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The new platform aims to enable developers to build their own crypto applications, expanding Coinbase’s revenue streams beyond its core trading business.
Base will function as a blockchain that allows investors to send money, trade on decentralized exchanges, borrow and lend cryptocurrencies, and even create non-fungible tokens.
Alesia Haas, Coinbase’s chief financial officer, said in a recent interview that the exchange will earn fees from every transaction made on the network if developers build popular applications.
However, Haas acknowledges that it may take several years before Base generates substantial revenue for Coinbase.
This launch comes on the heels of Coinbase reporting six consecutive quarters of losses, which were mainly attributed to lower trading volumes and a 20% decrease in the platform’s active users in the last quarter.
Traditionally, Coinbase has relied on fees from customer trades as its primary revenue source.
However, for the first time in its history, non-trading revenue surpassed trading revenue last quarter, indicating a shift in Coinbase’s business model.
Base, a layer-two blockchain built on top of Ethereum, aims to improve transaction costs and speed.
It achieves this by batching and compressing a large number of transactions before publishing them to the Ethereum blockchain.
“On Ethereum, everyone’s driving in a single car, that’s really expensive because everyone has to pay for their own car,” said Jesse Pollak, who leads Coinbase’s efforts on the blockchain.
“With Base, we have public transportation, so now you could fit hundreds of people into a single train.”
Investors Rush to Send Millions to Base Ahead of Launch
Investors have already sent over $130 million worth of cryptocurrencies from Ethereum to Base in anticipation of its launch.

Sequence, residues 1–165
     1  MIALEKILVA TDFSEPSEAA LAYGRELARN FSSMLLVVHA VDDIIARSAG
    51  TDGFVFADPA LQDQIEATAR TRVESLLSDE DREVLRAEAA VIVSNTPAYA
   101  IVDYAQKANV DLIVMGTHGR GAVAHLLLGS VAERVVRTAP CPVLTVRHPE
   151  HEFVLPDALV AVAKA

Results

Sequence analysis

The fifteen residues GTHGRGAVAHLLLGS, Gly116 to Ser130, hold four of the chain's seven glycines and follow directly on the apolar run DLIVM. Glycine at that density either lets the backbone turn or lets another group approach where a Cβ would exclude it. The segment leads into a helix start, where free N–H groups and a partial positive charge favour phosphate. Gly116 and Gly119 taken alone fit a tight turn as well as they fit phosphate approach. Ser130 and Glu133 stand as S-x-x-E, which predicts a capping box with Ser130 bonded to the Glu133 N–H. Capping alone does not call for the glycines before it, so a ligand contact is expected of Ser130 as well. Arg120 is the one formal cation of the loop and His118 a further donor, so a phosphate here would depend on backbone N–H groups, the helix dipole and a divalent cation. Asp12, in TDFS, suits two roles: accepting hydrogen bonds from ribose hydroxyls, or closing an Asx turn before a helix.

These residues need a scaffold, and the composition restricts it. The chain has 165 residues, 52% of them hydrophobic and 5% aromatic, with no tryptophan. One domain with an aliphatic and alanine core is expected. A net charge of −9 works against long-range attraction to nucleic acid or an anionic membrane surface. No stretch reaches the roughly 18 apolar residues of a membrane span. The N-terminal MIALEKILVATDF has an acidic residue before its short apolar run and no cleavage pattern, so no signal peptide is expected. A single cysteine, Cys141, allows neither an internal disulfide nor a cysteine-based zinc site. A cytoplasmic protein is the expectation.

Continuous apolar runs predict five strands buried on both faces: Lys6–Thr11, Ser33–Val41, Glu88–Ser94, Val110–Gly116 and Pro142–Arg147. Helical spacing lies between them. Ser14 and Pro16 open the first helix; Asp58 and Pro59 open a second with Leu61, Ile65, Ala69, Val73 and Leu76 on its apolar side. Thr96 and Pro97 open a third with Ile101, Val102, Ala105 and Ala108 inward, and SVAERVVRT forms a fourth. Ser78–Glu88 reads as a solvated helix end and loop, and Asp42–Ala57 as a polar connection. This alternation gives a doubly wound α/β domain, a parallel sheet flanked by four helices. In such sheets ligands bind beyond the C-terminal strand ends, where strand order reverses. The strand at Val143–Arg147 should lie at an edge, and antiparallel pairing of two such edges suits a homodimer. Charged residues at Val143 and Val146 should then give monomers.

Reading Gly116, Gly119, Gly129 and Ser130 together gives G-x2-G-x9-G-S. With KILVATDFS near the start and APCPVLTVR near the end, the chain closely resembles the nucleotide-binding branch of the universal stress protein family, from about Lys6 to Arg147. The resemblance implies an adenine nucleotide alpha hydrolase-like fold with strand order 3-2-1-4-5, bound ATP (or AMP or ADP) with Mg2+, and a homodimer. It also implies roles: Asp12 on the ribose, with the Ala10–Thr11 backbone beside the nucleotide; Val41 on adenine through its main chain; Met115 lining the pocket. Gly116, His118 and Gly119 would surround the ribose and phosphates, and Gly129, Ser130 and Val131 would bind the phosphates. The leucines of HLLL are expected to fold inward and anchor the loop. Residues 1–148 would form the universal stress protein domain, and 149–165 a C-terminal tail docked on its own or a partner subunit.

As reported, earlier this month, the blockchain witnessed more than $200 million in trading volumes and more transactions than established networks like Arbitrum in a matter of two days.
Despite not being open to the public yet, traders have flocked to the blockchain in the hopes of racking in lucrative returns, particularly from meme coins.
While Base holds promise, Coinbase faces reputational risks due to its open and “permissionless” nature, meaning anyone can participate anonymously on the blockchain.
Just recently, Base experienced a scam involving a meme coin, BALD token, resulting in significant losses for investors.
In response, Coinbase said it plans to introduce more tools to help users assess the trustworthiness of products on the Base platform without compromising its open and permissionless nature.
Coinbase’s Base launch also occurs amidst heavy regulatory scrutiny.
In June, the Securities and Exchange Commission (SEC) sued Coinbase for allegedly violating exchange registration rules.
As Coinbase plays a central role in creating Base, regulators could potentially hold the company accountable for any illicit activities occurring on the blockchain, according to Omid Malekan, an adjunct professor at Columbia Business School.
“A regulator who wants to make that argument can make that argument,” he said. “However, I do think that’s also a very shortsighted way for any regulator to treat this situation.”